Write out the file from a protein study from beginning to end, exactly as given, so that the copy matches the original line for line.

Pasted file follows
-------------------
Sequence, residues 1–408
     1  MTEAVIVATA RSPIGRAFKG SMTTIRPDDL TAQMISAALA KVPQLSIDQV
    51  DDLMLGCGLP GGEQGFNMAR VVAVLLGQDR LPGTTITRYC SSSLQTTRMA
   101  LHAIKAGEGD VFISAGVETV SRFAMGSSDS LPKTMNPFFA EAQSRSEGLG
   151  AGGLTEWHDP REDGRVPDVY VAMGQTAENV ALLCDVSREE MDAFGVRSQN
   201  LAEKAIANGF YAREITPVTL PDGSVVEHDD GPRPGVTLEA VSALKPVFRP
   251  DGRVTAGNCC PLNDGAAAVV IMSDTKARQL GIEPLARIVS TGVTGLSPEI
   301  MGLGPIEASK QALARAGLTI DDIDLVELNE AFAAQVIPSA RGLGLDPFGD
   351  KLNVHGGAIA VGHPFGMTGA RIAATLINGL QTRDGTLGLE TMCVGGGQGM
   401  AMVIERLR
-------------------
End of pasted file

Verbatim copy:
Sequence, residues 1–408
     1  MTEAVIVATA RSPIGRAFKG SMTTIRPDDL TAQMISAALA KVPQLSIDQV
    51  DDLMLGCGLP GGEQGFNMAR VVAVLLGQDR LPGTTITRYC SSSLQTTRMA
   101  LHAIKAGEGD VFISAGVETV SRFAMGSSDS LPKTMNPFFA EAQSRSEGLG
   151  AGGLTEWHDP REDGRVPDVY VAMGQTAENV ALLCDVSREE MDAFGVRSQN
   201  LAEKAIANGF YAREITPVTL PDGSVVEHDD GPRPGVTLEA VSALKPVFRP
   251  DGRVTAGNCC PLNDGAAAVV IMSDTKARQL GIEPLARIVS TGVTGLSPEI
   301  MGLGPIEASK QALARAGLTI DDIDLVELNE AFAAQVIPSA RGLGLDPFGD
   351  KLNVHGGAIA VGHPFGMTGA RIAATLINGL QTRDGTLGLE TMCVGGGQGM
   401  AMVIERLR